Netflix to Reach 700 Original Series in 2018, Lessons from Spotify and More

One: Netflix Eyeing Total of About 700 Original Series in 2018

"Netflix, set to spend upwards of $8 billion on content in 2018, will have in the neighborhood of 700 original TV shows on the service worldwide this year, according to CFO David Wells.

"The huge bucket of content is driving up Netflix’s subscriber base, said Wells, speaking Tuesday at the Morgan Stanley Technology, Media & Telecom Conference. The “700-range” figure he cited includes 80 non-English-language original productions from outside the U.S., such as psychological thriller “Dark” from Germany and “Club de Cuervos” from Mexico. The total encompasses both new and existing original series (such as “Orange Is the New Black” and “Narcos”)."

Todd Spangler, Variety


Two: Lessons from Spotify

"The two dominant business models for venture-backed startups are advertising for consumer-focused companies, and Software-as-a-Service (SaaS) for business-focused ones. On one level, these business models are quite different: the former gives away software for free with the hope of convincing a third party to pay for access to users; the latter charges some portion of users directly. The underlying economics of both, though, are more similar than you might think — indeed, both are very much in line with venture-backed startups of the past."

Ben Thompson, Stratechery


Three: WatchKit is a sweet solution that will only ever give us baby apps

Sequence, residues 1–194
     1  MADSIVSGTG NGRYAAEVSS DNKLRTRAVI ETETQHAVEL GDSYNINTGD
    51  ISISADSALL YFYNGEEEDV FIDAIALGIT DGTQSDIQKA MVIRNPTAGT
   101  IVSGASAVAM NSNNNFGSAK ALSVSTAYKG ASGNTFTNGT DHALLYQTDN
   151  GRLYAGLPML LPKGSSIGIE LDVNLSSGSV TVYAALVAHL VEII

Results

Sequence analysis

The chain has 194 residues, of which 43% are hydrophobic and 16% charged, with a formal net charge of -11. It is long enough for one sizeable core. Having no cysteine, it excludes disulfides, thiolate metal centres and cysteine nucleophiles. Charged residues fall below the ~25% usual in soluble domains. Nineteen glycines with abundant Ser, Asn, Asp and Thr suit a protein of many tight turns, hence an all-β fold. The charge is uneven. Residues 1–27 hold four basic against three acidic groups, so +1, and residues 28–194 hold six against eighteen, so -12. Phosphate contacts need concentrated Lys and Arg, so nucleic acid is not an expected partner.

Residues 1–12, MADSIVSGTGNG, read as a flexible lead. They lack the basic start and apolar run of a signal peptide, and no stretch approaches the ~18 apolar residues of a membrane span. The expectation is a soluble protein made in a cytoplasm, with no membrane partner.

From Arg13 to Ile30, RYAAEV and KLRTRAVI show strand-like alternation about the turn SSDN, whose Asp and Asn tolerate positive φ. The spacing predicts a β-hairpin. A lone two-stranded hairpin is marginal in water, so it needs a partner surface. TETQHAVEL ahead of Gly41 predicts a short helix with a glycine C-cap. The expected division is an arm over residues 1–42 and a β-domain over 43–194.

"In the original 2007 iPhone introduction, Steve Jobs famously derided other smartphones at the time for running “baby” software and the “baby” internet. He was right.

"Developers weren’t given access to make native apps until the iPhone’s second year. Before the native development kit was ready, Apple tried to pass off web apps as a “sweet solution” for third-party apps, but nobody was fooled."

Maro Arment,


Four: Defending your app from copies and clones

"App developers sometimes ask me what they should do when their features, designs, or entire apps are copied by competitors."

Maro Arment,


Five: Inside Google’s plan to make the whole web as fast as AMP

"In a blog post today, Google is announcing that it’s formally embarking on a project to convince the group in charge of web standards to adopt technology inspired by its Accelerated Mobile Pages (AMP) framework. In theory, it would mean that virtually any webpage could gain the same benefits as AMP: near-instantaneous loading, distribution on multiple platforms, and (critically) more prominent placement on Google properties."

Dieter Bohn, The Verge